Every time I travel to Spain I make sure to stock up on Pimentón, spicy Spanish paprika. I also like to pick up saffron and canned tuna in olive oil. What items do you invest on while traveling?
If you're ever in China and have a strange craving for an Oreo cookie, you're going to be out of luck. According to the Wall Street Journal, back in 2005 Kraft Foods revamped its iconic cookie there, replacing it with four thin crispy wafers, a layer of vanilla cream, thin layers of chocolate cream, and a coating of chocolate. The Chinese weren't keen on eating the traditional biscuit-style cookies, so Kraft — after testing 20 prototypes on consumers — changed the cookie to appeal to the masses.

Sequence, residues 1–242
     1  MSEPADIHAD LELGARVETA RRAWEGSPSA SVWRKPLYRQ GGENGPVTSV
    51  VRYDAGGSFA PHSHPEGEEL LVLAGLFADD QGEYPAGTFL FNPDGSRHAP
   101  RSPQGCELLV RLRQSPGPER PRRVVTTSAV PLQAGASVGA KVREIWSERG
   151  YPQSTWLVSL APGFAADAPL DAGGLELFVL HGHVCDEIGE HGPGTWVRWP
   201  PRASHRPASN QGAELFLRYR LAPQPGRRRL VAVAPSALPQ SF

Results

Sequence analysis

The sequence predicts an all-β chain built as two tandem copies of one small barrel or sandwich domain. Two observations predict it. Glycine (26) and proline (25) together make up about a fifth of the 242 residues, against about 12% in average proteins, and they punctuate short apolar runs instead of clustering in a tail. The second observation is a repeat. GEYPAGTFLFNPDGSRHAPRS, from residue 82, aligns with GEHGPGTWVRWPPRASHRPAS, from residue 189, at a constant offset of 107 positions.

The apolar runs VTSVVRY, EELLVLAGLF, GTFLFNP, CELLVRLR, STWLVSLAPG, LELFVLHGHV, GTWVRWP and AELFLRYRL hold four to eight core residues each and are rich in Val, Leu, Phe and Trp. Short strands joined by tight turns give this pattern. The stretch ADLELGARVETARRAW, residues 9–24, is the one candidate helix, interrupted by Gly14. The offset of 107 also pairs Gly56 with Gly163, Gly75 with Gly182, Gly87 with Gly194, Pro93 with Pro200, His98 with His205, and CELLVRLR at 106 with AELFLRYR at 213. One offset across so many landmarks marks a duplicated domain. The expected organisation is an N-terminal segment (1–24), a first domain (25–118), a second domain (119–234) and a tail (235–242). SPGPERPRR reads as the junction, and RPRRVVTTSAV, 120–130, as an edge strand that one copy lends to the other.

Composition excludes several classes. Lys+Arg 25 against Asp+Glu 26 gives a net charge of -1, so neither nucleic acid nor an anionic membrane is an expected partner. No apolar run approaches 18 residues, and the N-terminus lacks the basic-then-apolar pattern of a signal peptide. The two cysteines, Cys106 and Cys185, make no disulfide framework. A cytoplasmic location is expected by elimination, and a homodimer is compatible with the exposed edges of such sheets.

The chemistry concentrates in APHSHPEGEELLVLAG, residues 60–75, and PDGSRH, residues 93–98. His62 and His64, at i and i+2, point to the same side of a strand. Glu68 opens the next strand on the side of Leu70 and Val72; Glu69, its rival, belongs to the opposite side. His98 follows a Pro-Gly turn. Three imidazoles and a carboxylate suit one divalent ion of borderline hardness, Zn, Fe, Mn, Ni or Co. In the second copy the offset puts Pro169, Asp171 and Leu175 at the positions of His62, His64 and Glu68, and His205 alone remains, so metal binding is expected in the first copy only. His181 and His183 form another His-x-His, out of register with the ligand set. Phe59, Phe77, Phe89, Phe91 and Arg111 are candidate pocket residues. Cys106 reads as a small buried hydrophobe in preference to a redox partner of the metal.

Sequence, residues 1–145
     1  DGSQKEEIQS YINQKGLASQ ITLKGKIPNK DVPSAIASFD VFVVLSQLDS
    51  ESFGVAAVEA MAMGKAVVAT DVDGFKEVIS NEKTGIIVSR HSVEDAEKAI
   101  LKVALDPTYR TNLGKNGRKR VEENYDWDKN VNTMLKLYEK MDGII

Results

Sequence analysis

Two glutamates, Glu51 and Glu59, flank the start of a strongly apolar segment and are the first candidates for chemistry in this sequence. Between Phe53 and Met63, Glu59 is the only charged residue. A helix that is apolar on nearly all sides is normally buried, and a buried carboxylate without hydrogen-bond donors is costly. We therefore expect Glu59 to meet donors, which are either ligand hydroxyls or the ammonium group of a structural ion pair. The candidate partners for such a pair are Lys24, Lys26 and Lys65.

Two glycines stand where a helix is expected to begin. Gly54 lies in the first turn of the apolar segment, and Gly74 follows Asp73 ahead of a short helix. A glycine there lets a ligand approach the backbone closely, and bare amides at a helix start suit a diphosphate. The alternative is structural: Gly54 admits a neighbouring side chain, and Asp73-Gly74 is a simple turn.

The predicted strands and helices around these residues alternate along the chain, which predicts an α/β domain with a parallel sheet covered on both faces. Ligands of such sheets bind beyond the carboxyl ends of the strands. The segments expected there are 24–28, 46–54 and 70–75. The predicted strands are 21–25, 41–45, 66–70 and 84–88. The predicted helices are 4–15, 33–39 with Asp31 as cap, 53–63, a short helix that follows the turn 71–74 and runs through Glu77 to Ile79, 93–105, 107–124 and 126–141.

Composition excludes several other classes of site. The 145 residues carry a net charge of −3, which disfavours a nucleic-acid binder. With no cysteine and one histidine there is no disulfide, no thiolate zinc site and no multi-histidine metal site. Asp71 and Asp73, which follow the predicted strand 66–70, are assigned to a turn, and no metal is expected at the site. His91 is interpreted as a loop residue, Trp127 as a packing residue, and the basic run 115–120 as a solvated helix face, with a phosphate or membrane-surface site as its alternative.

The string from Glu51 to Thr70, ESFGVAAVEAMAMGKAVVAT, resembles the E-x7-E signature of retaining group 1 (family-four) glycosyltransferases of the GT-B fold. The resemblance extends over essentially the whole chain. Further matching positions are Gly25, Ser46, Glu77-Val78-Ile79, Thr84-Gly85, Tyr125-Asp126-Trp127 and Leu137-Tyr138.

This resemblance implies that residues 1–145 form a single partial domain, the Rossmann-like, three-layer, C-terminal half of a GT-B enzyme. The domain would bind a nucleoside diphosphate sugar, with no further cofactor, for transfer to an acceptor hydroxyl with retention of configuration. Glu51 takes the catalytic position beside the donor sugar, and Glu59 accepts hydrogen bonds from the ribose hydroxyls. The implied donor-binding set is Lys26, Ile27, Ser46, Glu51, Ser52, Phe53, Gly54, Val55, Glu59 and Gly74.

Before the cookie transformation, Kraft Foods tried to reach out to consumers by creating a brand ambassador program that equipped university students with free Oreos and bicycles clad in wheel covers that looked like Oreos. However these marketing schemes didn't work, and the change became necessary. Now, with the new wafer version, China's Oreo sales have doubled in the last two years.
All of this is totally fascinating to me. It's interesting to see what brands have to do in order to appeal to foreign consumers. I understand adding new flavors and names. But does changing the product completely actually count? Isn't it, at that point, a completely new product? What do you think? Is it still an Oreo even if it doesn't look like a real one?